A new method for measuring the Hall mobility of semiconductor films is developed, the principle of which is based on the theory of the microwave Faraday rotation: that is, the total rotation angle θtotal equals θs+θƒ, where θs and θƒ are angles of Faraday rotation by a substrate and a film respectively. Then the Hall mobility μƒ of the film is calculated from a simple formula of θƒ. where μ0 is the permeability of free space, ω is the angular frequency, tf and σf are the thickness and the dc conductivity of the film, and B is the magnetic field. Hall mobilities of germanium wafers with n-type epitaxial films of about 10μ in thickness and of 0.2_??_0.5 Ω-cm in resistivity are estimated at 0.20m2/v-sec, with the error of about 10%, This value is in good agreement with dc data. The new technique has the advantage of requiring no electrode attachment.
An experimental study is made on alloyed silicon p-n junctions which have breakdown voltages in the range of 0.5 to 30 volts. Most of the experiments are carried out on the cross-section made across the junction. When the junctions are biased in the reverse direction to breakdown, two types of visible light are emitted from the cross-section of their junction planes. Spectrum of the light is analyzed by the use of a double monochrometer, and the results are found more in con-formity with the theory than those obtained by Chynoweth et al. Besides the above two types of light emission, a new type of emission is observed on a sample with rectangular cross-section lapped by #3000-mesh alundum. The spectra of all these emissions are almost the same as the spectrum observed on a sample made by evaporating aluminum on an n-type silicon wafer. In both cases, the decay time of emissions is less than 0.1μs. From these results it may be concluded that these emissions are not caused by the breakdown in p-n junction but by recombination of high energy carriers in silicon. The spectrum obtained by Chynoweth et al. seems to be in line with that of these newly found emissions; the emission by carrier recombination in Si other than in p-n junction seems likely to be involved in high energy components in their results.
The pulses the GM counter produce in intense pulsed photon beams are higher than those normally observed at the same applied counter voltage. These pulses are formed by superposition of the electrons generated in proportion to the beam intensity onto the electrons by characteristic discharge of the counter. Theoretical derivation made to express these composite pulses is verified experimentally by the use of an analogue computer and counters of several kinds exposed to photon beam from 4 MeV electron linear accelerator. Furthermore, some tubes were found to produce several output pulse patterns in an extremely intense field.
When a liquid drop strikes vertically upon a linear grid made of equally spaced steel needles, the drop splits into a number of droplets regularly distributed along the direction parallel to the row of needles. If the nature of liquid as well as experimental conditions are not adequate, however, the above mentioned regular splitting does not occur; in some condition, droplets themselves recombine immediately after splitting; in another one, the drop splits into a numerous fine dropletss irregularly scattered. Successive stages of such splitting phenomena are observed by means of instantaneous photography. Water, milk, benzine, ethyl alcohol, methyl alcohol and aqueous solustions of surface-active agent are used. By dimensional analysis, an attempt is made to find the critical condition for the occurrence of regular splitting. Denoting two characteristic numerics by R=dvρ/η and W=lv2_??_/γ, where, d: diameter of the grid needle, v: striking velocity, ρ: density of the liquid, l: diameter of the drop, η: viscosity, γ: surface tension, we obtain the said critical condition expressed approximately by the relation R·S=Constant, and when the magnitude of this constant in C. G. S. units lies between 1/2·105_??_1/2·106, regular splitting of the drop occurs. Furthermore, by collating to the characteristic features of splitting drop revealed by instantaneous photography, the relation W/R>1 or <1 seems to characterize whether the major factor affecting the phenomenon is viscosity or surface tension.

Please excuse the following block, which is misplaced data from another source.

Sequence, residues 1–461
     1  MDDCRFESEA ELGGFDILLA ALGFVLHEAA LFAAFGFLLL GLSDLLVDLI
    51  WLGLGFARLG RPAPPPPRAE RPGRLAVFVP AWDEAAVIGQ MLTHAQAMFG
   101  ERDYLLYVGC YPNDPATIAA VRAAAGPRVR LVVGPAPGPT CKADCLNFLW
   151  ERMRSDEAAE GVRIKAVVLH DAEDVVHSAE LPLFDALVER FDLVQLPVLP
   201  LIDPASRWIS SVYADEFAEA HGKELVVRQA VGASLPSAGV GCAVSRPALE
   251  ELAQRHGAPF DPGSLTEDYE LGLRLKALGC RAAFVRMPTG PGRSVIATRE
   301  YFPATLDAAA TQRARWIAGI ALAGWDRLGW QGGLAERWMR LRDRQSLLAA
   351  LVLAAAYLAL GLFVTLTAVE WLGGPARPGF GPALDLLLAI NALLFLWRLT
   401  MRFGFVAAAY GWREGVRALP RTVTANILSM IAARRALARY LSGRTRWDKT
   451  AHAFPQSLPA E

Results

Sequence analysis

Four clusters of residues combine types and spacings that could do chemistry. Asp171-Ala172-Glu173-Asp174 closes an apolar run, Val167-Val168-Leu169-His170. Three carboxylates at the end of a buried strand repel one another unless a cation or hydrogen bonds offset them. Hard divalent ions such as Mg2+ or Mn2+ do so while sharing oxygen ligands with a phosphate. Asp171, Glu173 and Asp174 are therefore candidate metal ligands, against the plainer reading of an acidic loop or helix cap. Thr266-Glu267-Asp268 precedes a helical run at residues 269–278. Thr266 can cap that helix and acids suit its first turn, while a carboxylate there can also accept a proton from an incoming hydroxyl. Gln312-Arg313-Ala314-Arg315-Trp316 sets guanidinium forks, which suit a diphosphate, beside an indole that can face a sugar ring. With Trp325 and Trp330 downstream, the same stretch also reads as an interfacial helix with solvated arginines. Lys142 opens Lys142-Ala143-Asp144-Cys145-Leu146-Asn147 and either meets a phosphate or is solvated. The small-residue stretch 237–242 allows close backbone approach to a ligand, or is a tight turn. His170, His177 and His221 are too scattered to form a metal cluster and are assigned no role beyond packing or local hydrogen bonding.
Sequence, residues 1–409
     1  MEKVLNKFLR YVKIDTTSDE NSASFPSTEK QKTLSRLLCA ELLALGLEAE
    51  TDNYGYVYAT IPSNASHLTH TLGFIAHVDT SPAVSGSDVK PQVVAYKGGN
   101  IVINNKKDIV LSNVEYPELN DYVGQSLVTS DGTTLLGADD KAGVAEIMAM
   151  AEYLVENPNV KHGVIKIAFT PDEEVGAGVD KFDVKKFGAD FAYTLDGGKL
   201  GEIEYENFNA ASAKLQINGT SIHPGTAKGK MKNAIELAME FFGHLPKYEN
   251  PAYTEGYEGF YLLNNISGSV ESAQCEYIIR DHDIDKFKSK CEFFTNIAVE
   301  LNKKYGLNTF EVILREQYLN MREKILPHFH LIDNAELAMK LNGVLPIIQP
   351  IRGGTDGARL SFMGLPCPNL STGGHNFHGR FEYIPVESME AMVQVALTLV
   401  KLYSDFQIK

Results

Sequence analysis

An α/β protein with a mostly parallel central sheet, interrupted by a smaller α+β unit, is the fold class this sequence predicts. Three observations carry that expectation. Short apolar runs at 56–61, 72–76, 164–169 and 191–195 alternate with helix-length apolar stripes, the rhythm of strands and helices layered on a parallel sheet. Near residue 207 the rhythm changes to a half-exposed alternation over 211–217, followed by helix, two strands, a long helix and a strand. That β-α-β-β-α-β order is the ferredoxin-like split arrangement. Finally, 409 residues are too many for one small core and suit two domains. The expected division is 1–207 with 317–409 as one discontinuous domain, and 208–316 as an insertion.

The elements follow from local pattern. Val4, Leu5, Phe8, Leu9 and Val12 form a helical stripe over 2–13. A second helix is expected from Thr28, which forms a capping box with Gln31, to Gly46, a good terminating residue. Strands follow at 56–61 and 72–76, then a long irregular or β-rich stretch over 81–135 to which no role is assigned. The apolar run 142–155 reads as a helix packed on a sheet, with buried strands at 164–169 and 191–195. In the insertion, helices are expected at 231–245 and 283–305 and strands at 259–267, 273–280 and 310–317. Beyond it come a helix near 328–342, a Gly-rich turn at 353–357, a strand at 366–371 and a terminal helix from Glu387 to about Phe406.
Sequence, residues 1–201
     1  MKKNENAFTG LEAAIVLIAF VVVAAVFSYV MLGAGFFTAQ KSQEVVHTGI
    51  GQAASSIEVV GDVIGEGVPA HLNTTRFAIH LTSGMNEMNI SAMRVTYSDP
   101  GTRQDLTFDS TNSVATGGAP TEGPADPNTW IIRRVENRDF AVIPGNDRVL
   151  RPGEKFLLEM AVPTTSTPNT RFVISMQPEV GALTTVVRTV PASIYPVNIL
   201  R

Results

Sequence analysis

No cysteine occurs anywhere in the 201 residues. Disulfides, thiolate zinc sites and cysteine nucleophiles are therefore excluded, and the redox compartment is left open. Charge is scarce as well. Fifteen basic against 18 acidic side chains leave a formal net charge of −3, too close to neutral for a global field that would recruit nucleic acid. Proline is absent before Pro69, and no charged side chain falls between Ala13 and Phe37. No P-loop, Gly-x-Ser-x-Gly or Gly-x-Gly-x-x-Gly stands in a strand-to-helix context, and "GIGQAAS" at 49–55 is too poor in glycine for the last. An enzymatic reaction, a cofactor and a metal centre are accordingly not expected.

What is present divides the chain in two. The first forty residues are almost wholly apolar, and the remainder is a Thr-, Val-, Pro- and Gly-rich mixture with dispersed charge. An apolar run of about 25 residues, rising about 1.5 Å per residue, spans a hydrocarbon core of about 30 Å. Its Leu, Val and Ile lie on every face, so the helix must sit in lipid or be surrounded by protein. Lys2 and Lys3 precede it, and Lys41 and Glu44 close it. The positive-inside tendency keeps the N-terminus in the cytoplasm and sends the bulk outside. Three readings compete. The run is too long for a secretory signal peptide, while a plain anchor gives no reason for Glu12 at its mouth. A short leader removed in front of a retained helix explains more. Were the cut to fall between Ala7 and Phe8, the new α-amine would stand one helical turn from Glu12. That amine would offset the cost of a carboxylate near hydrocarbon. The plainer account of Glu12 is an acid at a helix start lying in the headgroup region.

Any automatic Device for plotting physical quantities of fields-electrostatic or electromagnetic field and others-can be studied as a time-variable gain control system, for the over-all gain of the system varies with the distributed intensity of gradient of the field at the point where the detector is placed impairing the stability and constancy of the measurement. To cope with this shortcoming, application of automatic gain control system is tried. As an example, the auto-matic equipotential line plotter provided with an electrolytic tank is taken up, and a variable gain servo-amplifier of amplification factor devised to vary in inverse proportion to the over-all gain of the system is applied. Another example is the electron trajectory plotter to which a servo-mecha-nism that controls the scale factor is applied. These measures may be applied to other kinds of plotter if the detecting arrangement is appropriately chosen. Significance of the problem, details of the apparatus, and results of the experiments are discussed.